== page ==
The situation on Highway 1
Between Santa Cruz and Watsonville, Highway 1 is essentially a four-lane freeway, and is an object of controversy and concern. The most heavily traveled section of the road has been operating at capacity during peak hours since the late 1980s. Some feel that the resulting traffic congestion mandates widening the road to six or eight lanes. This is a strategy that is sure to fail, in that it will not relieve traffic congestion on the road. (For details see this page.)
Furthermore, a recent study by U.C. Davis and hosted on the Caltrans website concludes that “congestion relief is usually short-lived, due to ‘induced demand’ or ‘induced travel.’”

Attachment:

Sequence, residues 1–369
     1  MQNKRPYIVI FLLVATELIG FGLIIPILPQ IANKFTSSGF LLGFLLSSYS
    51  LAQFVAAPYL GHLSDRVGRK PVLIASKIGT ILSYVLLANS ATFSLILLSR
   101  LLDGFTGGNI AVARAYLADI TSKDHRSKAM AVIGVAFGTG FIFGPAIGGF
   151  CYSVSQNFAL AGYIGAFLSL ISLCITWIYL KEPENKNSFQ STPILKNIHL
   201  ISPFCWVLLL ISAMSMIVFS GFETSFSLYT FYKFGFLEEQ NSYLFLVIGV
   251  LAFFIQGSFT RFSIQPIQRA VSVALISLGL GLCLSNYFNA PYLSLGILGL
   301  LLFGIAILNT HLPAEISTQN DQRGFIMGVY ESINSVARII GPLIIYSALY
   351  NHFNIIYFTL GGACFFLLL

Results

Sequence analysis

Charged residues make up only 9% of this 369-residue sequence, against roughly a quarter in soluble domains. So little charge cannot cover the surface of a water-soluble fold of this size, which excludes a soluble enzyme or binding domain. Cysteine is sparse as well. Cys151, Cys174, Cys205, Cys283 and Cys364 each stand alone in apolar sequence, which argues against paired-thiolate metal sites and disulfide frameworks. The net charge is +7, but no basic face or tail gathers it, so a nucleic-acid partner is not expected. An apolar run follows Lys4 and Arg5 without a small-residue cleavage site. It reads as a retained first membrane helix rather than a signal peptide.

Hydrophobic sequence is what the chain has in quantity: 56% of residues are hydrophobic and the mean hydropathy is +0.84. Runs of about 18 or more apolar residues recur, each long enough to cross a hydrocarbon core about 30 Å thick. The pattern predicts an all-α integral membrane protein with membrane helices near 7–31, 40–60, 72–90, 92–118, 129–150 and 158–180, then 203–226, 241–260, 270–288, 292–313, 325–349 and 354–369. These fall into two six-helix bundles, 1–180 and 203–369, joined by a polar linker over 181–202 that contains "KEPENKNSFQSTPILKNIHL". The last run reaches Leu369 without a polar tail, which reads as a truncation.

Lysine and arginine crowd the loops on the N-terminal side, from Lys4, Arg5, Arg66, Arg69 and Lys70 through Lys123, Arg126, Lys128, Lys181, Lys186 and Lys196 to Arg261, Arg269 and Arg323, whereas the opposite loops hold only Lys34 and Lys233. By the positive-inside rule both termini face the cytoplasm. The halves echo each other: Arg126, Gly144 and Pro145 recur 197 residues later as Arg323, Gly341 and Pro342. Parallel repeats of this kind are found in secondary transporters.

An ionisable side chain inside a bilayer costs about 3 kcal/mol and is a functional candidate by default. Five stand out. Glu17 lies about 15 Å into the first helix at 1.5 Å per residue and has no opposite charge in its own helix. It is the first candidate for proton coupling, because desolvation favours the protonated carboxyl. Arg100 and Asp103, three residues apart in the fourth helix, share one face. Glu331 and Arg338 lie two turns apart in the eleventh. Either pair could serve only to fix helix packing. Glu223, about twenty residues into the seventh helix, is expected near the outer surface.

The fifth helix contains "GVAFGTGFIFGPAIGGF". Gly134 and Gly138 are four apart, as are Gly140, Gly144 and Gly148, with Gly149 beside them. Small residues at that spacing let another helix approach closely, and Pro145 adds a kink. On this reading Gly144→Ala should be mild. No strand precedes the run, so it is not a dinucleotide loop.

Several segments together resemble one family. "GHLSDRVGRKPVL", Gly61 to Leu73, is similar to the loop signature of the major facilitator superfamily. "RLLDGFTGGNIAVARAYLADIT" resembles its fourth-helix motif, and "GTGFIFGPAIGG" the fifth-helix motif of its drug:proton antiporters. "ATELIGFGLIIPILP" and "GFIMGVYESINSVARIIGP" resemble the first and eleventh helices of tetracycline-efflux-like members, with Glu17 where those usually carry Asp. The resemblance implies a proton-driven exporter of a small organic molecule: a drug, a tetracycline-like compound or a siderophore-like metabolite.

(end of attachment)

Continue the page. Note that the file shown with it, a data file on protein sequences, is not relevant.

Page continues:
Adding lanes to Highway 1 will not only increase traffic congestion (particularly on other streets and roads), but will also exacerbate global warming.
In addition, such a strategy does little to enhance our mobility. It wastes precious resources that could otherwise be used to improve public transit and other transportation modes.
Will we continue to widen Highway 1?
Nevertheless, our Regional Transportation Commission is now considering whether to widen yet another segment of Highway 1—from the 41st Avenue interchange to the Soquel Drive interchange. After several years, Caltrans has finally just released Draft Environmental Documents for projects on Highway 1, documents that so far have cost our taxpayers over $12 million.
The draft documents are available electronically on the RTC website by clicking on the link in the preceding paragraph. An Open House Public Hearing is scheduled for December 3, 2015 from 6:00-8:30 pm at the multi-purpose room of the Live Oak Elementary School, 1916 Capitola Road. The RTC and Caltrans extended the comment period longer than the mandated amount to account for the holidays. All comments will be due by 5:00 pm on January 18, 2016.